Napoleon was Vertically Challenged
I used to find solace in the fact that someone so short could still have such a profound effect on history. My God! The man practically invented canned food. Well, not literally. But he did set things in motion that eventually led to the canning of all sorts of foods.
I, myself, am vertically challenged. Short is a much better way of putting it really. Gets right to the point. At not quite 5′ 1.5″, I fall very firmly below the national average for the height of an adult American female. That would be five feet and four inches. Maybe I should move to Bangladesh. I’d be tall there. But Belgium and Bosnia are out. The average heights there are 5’6″, and 5’7″ respectively.
I recently learned that is has come to light that Napoleon was not actually all that short. It seems his purported shortness was due to a discrepancy between the French system of measurement and the British one. In French measure, he was five feet and two inches. But in British measure, it equated to five feet and six inches; an average height for a male at that time. So dang!
But apparently he did actually put his hand inside his jacket. This was a fad at the time and meant to impart a sense of calm leadership. Don’t blame me, that’s what it said online. And everything you read online is true. Right.
Microwave Ovens Blow Up when you put Metal in Them
It’s simply not true. But it’s still a bad idea in general.
Consider the fact that the inside of the oven is made of metal. And for good reason. Yes, it’s painted but it still reflects the microwaves. Also there is a metal grid in the window. Both of these things keep the microwaves from escaping the oven and cooking you along with the food.
Only some metals are safe. Actually, it has a little more to do with shape and proximity than type. A small piece of aluminum foil smoothed over a dish is okay. A small metal tray is also okay. Also, some microwave ovens come with a metal shelf. Obviously that will be okay to use.
So what’s the deal?
If two pieces of metal are close together in the microwave, the energy is reflected between them and can build to the point where it will ignite anything flammable in the oven. Crinkled aluminum foil will actually burn. Smooth will not. And sparks can occur between the tines of a fork. There are even some foods that will occasionally spark.
I have this happen sometimes when I am warming my chopped salad. I love salads and eat them all year long for dinner, but in the winter, they are too cold for me. My favorite is a chopped cruciferous salad of cabbage, kale, broccoli, Brussels’ sprouts and radicchio. Now and then it sparks. I thought it was maybe something adulterating the salad, but when I looked it up, it turned out it was the salad itself.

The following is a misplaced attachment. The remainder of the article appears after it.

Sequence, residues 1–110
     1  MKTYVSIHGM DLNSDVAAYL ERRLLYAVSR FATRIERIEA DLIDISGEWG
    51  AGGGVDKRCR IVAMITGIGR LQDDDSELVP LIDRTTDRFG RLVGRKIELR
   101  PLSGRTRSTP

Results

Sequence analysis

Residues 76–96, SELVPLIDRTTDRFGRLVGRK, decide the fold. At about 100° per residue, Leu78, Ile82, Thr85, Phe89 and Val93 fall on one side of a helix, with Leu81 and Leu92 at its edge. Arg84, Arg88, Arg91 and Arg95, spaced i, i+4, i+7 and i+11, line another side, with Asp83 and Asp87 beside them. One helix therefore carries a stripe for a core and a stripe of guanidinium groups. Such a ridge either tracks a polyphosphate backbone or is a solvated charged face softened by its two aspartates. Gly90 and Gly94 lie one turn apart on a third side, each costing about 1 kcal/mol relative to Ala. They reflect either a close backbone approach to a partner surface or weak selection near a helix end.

Dense vegetables contain a higher concentration of minerals. It’s these metallic minerals, like iron, magnesium and selenium, which cause the arcing and the sparks.
So, food absorbs the microwaves and metals reflect it. What this means is that if there is enough microwave absorbent material (food) in the microwave to “catch” the reflected microwaves from any metal in there, you do not get arcing. If the ratio is wrong, then zaps happen. This is one of the reasons why they also say to never run the microwave oven empty. All that energy will just zing around in there with nothing to absorb it, except for the emitter of those waves: the magnetron tube. If it goes on too long, the tube will overheat and be damaged. But it still won’t blow up.
We pretty much all have and use microwave ovens. We don’t really give them much thought. But apparently, in order to use them safely, you need to keep in mind a few salient facts about the shape of the metal and the metal to food ratio. So the basic warning to never put metal in your microwave oven is the safer bet. But it can be done. Just be smart about it.
Oh, and when you are talking with your insurance claims adjuster, please be sure not to mention my name.
The Buddha was not Fat
Those happy (or laughing) Buddha statues that people put in their gardens do not in any way reflect the reality. I have to digress for a moment. My mom had one of those. The Happy Buddha was sculpted sitting in a half lotus position rather than a full lotus. So one of his feet was tucked in close in to his groin with the toes pointing out. My mom thought that was hilarious because when it was viewed from the side, his foot looked like a penis. She loved to point that out to everyone. I just found it to be embarrassing. A lot of what my mother did was like that. Sigh.
It could be that Budai (an ancient Chinese god that was depicted as fat and always smiling) was confused with Buddha. Or it could be that the Buddha was depicted as fat because long ago, being fat was considered a sign of being well-to-do and who wouldn’t be more well-to-do than the Enlightened One. Hey, I’m just reporting what I’ve read recently. People have all sorts of ideas about all sorts of things. I’m a prime example.
It has been more years than I care to think about since I read “Siddhartha.” But I’m pretty sure that I remember he gave up his princely title, became an ascetic, lived off of hand-outs, and became very thin. And if you boil down all that Buddhism has to say about the best way to live your life, you might be able to put that into one word: moderation. So a fat Buddha would be out of the question. So would a very skinny one for that matter.
I know that in the big scheme of things, whether or not the Buddha was fat doesn’t make a bit of difference. But, in my opinion, it never hurts to take a second look at something you take for true.
2 thoughts on “Common Misconceptions, Part Two”
I too am vertically challenged!! You beat me in height by 0.5 inches!!!!
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Hah! I think you must be very well proportioned because you don’t look short in your pix. Thanks for reading and commenting!